The area where your finances and debt history impacts life insurance the most is bankruptcy. If you declared bankruptcy recently or are in the process, now is not the time to apply for most life insurance policies. For Chapter 7 bankruptcy, insurance companies may require that your bankruptcy be discharged for a certain number of years, meaning that you have been released from personal liability for some specific types of debts. Your application will likely be declined if you’ve declared Chapter 7 bankruptcy within the last year or so, though some insurance companies have longer windows after Chapter 7 bankruptcy declarations,before they’ll give you a life insurance policy. If you’ve filed for Chapter 13 bankruptcy, an insurance company may want to see that you are consistently repaying debts under the agreement for a certain period of time before writing a policy for you.

Credit history matters more for other types of insurance

There’s good news for those with bad credit. Credit history affects life insurance policy rates much less than it affects other types of insurance, like auto or home insurance rates. Auto insurance underwriters see a poor credit history as leading to financial stress. And that can lead to riskier driving behaviors.

Of course that’s not good news if you’re applying for auto insurance. But if you want life insurance, you shouldn’t be denied a policy based on your credit unless you’ve declared bankruptcy within a certain time frame, though your life insurance rates may be slightly higher. Each life insurance company has a different formula for how they factor in credit history.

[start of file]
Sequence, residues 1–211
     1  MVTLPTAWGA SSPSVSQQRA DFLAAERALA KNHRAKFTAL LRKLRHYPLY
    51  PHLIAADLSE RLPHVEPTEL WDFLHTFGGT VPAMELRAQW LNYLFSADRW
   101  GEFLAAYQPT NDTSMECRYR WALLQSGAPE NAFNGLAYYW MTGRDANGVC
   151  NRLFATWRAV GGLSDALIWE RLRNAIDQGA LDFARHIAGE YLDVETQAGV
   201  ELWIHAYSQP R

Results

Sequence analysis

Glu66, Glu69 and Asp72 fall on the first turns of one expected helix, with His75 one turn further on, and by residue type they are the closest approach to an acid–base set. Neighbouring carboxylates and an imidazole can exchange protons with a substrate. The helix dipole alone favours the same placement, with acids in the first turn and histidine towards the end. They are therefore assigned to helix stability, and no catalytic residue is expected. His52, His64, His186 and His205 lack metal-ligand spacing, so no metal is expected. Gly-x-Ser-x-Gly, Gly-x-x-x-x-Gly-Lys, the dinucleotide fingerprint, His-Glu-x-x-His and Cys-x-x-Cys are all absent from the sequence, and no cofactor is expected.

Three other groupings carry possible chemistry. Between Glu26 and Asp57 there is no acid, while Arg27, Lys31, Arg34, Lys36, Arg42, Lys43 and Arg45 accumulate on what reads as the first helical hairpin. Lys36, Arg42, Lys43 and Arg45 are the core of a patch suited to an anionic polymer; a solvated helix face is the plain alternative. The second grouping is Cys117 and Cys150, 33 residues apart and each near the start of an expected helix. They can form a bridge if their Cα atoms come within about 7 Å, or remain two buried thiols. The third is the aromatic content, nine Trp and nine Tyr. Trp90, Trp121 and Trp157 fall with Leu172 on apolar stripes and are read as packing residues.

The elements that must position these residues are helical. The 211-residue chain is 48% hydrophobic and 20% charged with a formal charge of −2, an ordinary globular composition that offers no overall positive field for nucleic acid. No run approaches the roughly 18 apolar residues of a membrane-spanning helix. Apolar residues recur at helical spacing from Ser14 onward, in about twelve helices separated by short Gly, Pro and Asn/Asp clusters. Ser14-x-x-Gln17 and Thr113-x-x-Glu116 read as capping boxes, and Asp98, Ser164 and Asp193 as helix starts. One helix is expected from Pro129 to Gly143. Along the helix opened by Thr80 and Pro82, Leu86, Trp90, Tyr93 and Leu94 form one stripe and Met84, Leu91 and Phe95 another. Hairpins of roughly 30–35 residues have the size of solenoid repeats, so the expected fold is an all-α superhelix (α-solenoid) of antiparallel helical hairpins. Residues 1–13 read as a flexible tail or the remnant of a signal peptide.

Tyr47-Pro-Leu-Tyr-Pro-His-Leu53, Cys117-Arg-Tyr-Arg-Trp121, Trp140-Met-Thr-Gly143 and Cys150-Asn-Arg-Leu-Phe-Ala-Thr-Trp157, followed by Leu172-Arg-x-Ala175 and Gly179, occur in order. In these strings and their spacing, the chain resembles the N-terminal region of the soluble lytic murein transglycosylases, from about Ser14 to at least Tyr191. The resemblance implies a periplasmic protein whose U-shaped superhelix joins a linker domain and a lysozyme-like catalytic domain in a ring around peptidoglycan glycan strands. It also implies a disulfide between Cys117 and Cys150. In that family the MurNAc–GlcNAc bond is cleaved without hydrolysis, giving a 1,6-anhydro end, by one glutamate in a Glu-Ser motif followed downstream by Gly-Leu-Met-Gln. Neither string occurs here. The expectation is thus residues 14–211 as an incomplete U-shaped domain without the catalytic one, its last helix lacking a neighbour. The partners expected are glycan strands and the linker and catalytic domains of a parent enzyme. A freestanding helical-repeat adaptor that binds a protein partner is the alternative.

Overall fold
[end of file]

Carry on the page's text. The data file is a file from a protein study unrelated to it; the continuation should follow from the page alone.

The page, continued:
A higher credit score can qualify you for a better rate class. Credit score isn’t the only determining factor, though. For example, if you smoke, skydive, or have health risk factors such as elevated liver enzyme levels, that can impact your rate class as well. So even if you have an 850 credit score, that doesn’t guarantee you’ll be in the best rate class.

It behooves you to know your credit score and improve your credit history. That’s not just for your life insurance rates, though. Your credit history affects many aspects of your financial life, from rates you’ll pay on any loan, credit card interest rates, snagging a great apartment or job.

Curious how your financial fitness (and physical fitness) affects your life insurance premiums? Head over to HealthIQ.com to see if you qualify for special rate life insurance for the health conscious.

ABOUT HEALTH IQ

Health IQ’s mission is to celebrate the health conscious through financial rewards. That’s why Health IQ is the fastest growing life insurance company in the United States, saving those who qualify up to 33% lower rates on their Life Insurance.

Fast facts:

  •   Secured $7.0 Billion in coverage
  •   Underwriting time is 35% faster than competitors
  •   70% of their health conscious clients get the top rate class
  •   Licensed in all 50 states
  •   Custom tailored services with the top team in the industry
  •   9.6 customer satisfaction rating on TrustPilot
  •   Featured on ForbesCNBCTechCrunch, etc.